BYT: On that subject, I know you’ve talked about not wanting the media to focus on your trans identity, but you’re also a vocal supporter for LGBT rights. How do you balance those things?

Petras: I think it’s all in the balance. What I’m proud of is really my music and that I’ve hustled really hard to get to the point where I have a push behind my music and where people believe in me. I’ve worked on being a great songwriter since I was 14, my whole life basically. So, I’m really proud of that, and I love talking about music and what inspires me. I always think that being gay–or [one’s gender identity], or gender in general–says nothing about a person. To me, sometimes, it can be frustrating  when it’s like, “Trans Artist Kim Petras,” because I feel like I’m so much more than that. When people focus on that it seems like the only thing I can be.

But at the same time, I’m trying to just be openly transgender. And I’m proud of being trans, and I want to support the community. I want it to be easier for younger generations, and I want to help trans visibility…I have trans fans–like a lot of them–and I feel like they really feel empowered that a trans woman can be so much more than just being trans-y.

Wow, that was a lot of “trans.”

BYT: No, that was great. So, how long did you just say you’ve been singing and songwriting?

Petras: Singing since I was a child: harmonizing with my sisters to jazz songs. My mom is really into Miles Davis, Billie Holiday, and Judy Garland. We used to listen to that when I was a kid all the time, and we just used to sing all the time.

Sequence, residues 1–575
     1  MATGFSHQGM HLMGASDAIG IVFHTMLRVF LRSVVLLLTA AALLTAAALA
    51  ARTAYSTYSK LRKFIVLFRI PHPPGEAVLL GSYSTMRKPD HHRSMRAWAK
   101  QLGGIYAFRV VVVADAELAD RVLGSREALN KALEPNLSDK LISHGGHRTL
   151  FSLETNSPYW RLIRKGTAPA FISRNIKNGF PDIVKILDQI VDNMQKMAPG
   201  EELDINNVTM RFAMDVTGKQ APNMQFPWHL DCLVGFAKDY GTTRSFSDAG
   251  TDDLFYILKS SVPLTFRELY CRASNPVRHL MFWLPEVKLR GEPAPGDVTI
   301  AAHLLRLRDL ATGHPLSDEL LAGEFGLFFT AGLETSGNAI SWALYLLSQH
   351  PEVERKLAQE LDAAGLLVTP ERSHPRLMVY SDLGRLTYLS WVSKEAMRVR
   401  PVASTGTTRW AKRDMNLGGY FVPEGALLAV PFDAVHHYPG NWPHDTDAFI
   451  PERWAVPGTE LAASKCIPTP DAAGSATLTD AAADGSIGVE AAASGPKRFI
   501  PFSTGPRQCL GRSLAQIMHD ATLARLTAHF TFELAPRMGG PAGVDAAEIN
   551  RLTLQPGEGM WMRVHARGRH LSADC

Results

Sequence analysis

And then I think at 13/14 I saw a documentary about songwriters, and I was like, “Well, that’s what I want to do.” I was like: “nobody’s ever gonna write me a song if I want to be a popstar…[I] have to learn how to write songs [my]self.”  I made YouTube videos, started meeting producers online who would send me tracks, then I would start writing over tracks. Or, make my own little tracks on my little keyboard in my bedroom. I’d come home from school and just make demos all day and all night and watch Gwen Stefani music videos. I’ve just worked on it really hard and relentlessly since 14.

BYT: Has it always been this incredible bubblegum, hyper-pop style?

Petras: I’ve always wanted to do hyer-pop, but I feel like I’ve tried a bunch of different genres–you know, tried writing all styles of music. I’ve gone through phases where I was really into Ska music, and then I went through phases where I was really into rap. Or where I was really into Sade or Queen or David Bowie or Blondie. So, I feel like I’ve experimented a lot.

In my teens I made a lot of weird shit. Not all of my songs were always great. I used to really not be good, and now I’ve just improved and started writing better stuff…I’m making the music now that I’ve always dreamed of making. I just needed to write hundreds and hundreds of songs to get to this point.

BYT: That’s amazing. But why has pop been the music that you’ve always wanted to make? What does the genre mean to you?

Petras: I’ve always been really inspired by it. I think one of the albums that make me really want to make music was Gwen Stefani’s Love. Angel. Music. Baby. That album just changed my life. And then Gaga’s The Fame. I loved that so much. Madonna’s Confessions on a Dance Floor. Cyndi Lauper records and Blondie records. I think that’s the core of why I’m making music.